One of the great things of watching women’s golf live, apart from the beauty of some of the women themselves, is seeing them play up-close.
With the exception of a few LPGA Tour events, the crowds are usually modest or small, which means fans can get right up against the ropes for an unimpeded view of the game’s best female players at work.
The only way to be any closer to them sometimes would be to go inside the ropes.
Well, that’s possible, too.
The Manulife Financial LPGA Classic is offering regular golfers like you and me a chance to play alongside some of the LPGA stars in its pro-am, held July 8, just before the tournament at Grey Silo Golf Club in Waterloo, Ont., begins its competitive rounds.
Sixty spots are available.
Pro-ams are commonplace on the LPGA, PGA and other tours. They generate the bulk of the money that tournaments donate to charity.
But the pro-am entrant fees are often prohibitively expensive and getting a spot can be a mysterious process. Not so at the Manulife Classic.
The cost is by no means cheap – $1,500 a person – but it includes golf, breakfast, on-course hospitality, a luncheon and cocktail reception, gift package and four any-day tournament passes.
And of course the chance to play golf with one of the best female players on the planet.
“The golfers last year were amazed at the quality of play they witnessed and the friendly, approachable manner of the pros,” says Peter Sweeney, executive director of St. Mary's General Hospital Foundation, which receives charitable proceeds from the event. “This is unlike any other golfing experience.”
GOING LOW Graham DeLaet’s five-under-par 65 at the Honda Classic on Thursday tied his lowest score of the year on the PGA Tour. But it wasn’t a career-best. The long bomber from Weyburn, Sask., posted a 10-under 62 at the Reno-Tahoe Open in 2010, his rookie year on tour.
LAB ON WHEELS The PGA Tour Canada might be the minor leagues of golf, but its players this year will get big-league equipment service.
The tour said this week that The Golf Lab will have its new equipment trailer at each tournament across Canada to supply players with club fitting and repair services.
The Golf Lab, founded by pro Liam Mucklow, is an indoor training and club-fitting centre in Vaughn, Ont. It recently unveiled a spiffy new 37-foot mobile trailer that includes two trackman monitors, three-dimensional motion capture technology, high-speed video, a players lounge with WiFi and TV, and a fully functional club-building shop.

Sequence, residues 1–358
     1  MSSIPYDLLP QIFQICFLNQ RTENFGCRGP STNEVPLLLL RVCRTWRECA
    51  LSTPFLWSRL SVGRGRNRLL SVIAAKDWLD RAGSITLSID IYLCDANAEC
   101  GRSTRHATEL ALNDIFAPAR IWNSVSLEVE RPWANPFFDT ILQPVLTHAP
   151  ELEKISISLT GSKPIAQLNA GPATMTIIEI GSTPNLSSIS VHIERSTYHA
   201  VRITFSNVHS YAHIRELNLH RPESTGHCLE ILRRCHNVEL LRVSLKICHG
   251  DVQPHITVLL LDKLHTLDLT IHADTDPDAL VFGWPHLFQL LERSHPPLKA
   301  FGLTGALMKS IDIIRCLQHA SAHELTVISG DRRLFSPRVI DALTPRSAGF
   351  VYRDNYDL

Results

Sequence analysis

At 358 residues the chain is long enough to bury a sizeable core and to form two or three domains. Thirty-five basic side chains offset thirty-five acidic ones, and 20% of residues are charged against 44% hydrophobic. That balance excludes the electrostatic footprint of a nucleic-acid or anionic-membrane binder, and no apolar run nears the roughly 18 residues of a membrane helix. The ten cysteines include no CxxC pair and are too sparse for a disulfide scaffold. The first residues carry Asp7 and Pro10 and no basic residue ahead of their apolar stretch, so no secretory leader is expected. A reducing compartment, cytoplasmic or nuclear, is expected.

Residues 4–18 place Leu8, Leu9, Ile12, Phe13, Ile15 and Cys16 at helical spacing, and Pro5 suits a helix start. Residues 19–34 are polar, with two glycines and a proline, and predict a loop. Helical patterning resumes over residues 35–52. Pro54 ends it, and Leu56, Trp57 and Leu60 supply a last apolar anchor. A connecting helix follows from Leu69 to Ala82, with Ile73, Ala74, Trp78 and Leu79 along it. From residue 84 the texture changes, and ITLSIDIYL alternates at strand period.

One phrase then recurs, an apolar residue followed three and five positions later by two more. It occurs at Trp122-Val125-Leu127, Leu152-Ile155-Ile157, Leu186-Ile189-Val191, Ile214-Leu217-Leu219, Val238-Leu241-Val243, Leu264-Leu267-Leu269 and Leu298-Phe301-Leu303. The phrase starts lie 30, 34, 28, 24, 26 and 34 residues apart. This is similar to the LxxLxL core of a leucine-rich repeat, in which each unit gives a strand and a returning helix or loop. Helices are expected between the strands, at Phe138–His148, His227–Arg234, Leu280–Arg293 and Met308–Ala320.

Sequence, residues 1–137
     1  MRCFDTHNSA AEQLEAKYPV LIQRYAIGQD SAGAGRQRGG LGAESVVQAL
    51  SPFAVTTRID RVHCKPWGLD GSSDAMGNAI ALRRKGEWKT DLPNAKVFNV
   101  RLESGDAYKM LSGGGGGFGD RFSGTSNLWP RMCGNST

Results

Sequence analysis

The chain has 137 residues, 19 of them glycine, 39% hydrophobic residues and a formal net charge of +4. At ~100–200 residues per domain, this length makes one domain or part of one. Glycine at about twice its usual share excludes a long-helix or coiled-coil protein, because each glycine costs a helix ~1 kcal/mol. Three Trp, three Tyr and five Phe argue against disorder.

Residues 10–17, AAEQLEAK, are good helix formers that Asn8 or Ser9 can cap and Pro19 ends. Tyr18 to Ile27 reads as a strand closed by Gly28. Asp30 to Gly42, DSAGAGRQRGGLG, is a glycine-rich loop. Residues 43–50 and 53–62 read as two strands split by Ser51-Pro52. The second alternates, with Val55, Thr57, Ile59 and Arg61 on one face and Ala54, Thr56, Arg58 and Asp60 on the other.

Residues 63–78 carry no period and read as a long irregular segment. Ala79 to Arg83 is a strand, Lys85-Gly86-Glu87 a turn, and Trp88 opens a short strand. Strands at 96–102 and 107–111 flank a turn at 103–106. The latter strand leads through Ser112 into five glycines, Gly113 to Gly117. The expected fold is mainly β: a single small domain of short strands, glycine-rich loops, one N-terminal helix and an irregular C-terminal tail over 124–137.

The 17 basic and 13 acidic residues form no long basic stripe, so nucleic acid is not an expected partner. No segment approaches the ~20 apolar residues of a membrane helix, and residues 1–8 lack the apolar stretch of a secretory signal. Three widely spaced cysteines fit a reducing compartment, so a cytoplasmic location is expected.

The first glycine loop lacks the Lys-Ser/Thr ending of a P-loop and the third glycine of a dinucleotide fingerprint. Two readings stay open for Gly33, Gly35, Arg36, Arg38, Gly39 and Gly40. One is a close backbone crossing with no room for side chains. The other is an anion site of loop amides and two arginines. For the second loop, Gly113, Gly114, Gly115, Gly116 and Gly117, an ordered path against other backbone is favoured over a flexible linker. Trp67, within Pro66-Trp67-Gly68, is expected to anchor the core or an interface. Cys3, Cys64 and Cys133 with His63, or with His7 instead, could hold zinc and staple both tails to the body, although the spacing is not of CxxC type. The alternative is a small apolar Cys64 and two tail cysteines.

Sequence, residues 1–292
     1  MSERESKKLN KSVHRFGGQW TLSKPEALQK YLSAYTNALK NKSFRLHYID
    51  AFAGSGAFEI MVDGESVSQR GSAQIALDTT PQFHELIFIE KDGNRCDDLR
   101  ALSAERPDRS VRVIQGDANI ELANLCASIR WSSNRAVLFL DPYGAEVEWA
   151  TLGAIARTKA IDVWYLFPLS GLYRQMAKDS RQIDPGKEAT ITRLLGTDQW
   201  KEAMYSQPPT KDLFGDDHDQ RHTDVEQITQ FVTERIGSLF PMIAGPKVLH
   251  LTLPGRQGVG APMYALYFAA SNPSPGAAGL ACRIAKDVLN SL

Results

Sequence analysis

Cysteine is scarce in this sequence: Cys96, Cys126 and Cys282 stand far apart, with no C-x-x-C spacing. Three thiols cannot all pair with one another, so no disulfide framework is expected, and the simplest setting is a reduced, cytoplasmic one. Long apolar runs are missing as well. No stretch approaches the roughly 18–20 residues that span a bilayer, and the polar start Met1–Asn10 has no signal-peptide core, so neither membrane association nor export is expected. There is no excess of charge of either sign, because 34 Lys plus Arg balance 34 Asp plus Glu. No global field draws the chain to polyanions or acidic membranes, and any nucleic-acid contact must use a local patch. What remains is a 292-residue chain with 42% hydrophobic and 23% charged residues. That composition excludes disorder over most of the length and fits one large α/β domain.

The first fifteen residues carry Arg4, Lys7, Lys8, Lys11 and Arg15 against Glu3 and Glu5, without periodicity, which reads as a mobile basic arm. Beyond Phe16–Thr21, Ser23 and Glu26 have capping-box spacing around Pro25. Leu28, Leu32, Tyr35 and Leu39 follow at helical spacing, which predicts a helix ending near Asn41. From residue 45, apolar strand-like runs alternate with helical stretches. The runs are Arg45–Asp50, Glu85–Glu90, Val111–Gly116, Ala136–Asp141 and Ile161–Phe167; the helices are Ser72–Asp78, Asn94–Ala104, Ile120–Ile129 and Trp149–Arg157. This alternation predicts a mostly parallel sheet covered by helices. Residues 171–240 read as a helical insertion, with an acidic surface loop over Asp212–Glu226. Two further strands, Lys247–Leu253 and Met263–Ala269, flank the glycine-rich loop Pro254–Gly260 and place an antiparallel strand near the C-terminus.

“We're looking to improve the players' tournament experience as much as we can for 2013,” tour president Jeff Monday said.
The PGA Tour Canada season begins at the Times Colonist Island Savings Open on June 6 in Victoria.
HERO TO ZERO: Shane Lowry went from a match-play darling to an also-ran in just a few days. Such is the what-have-you-done-for-me-lately nature of tour golf.
Last week, the cheery and rotund Irishman knocked off world No. 1 Rory McIlroy in the first round of the Accenture Match Play Championship, then defeated Carl Pettersson to advance to the third round.
Lowry lost his third-round match to Graeme McDowell, who like McIlrory is a North Irishman and friend of Lowry's, but he displayed a charming sense of sportsmanship by staying to cheer on McDowell from outside the ropes in the fourth round.
But with a new week, Lowry's new-found fame in North America entitled him to nothing. The European Tour regular was at the Honda Classic's qualifying tournament Monday trying to squeeze into the field of the PGA Tour event.
Lowry came up one stroke short, shooting four-under-par 67 to tie for fifth place among the 117 vying for four berths.
Alex Noren of Sweden and Welshman Jamie Donaldson, both of whom also competed in the Match Play in Arizona last week, were more fortunate. They each shot 66 to grab berths along with Americans Darron Stiles and Vaughn Taylor.
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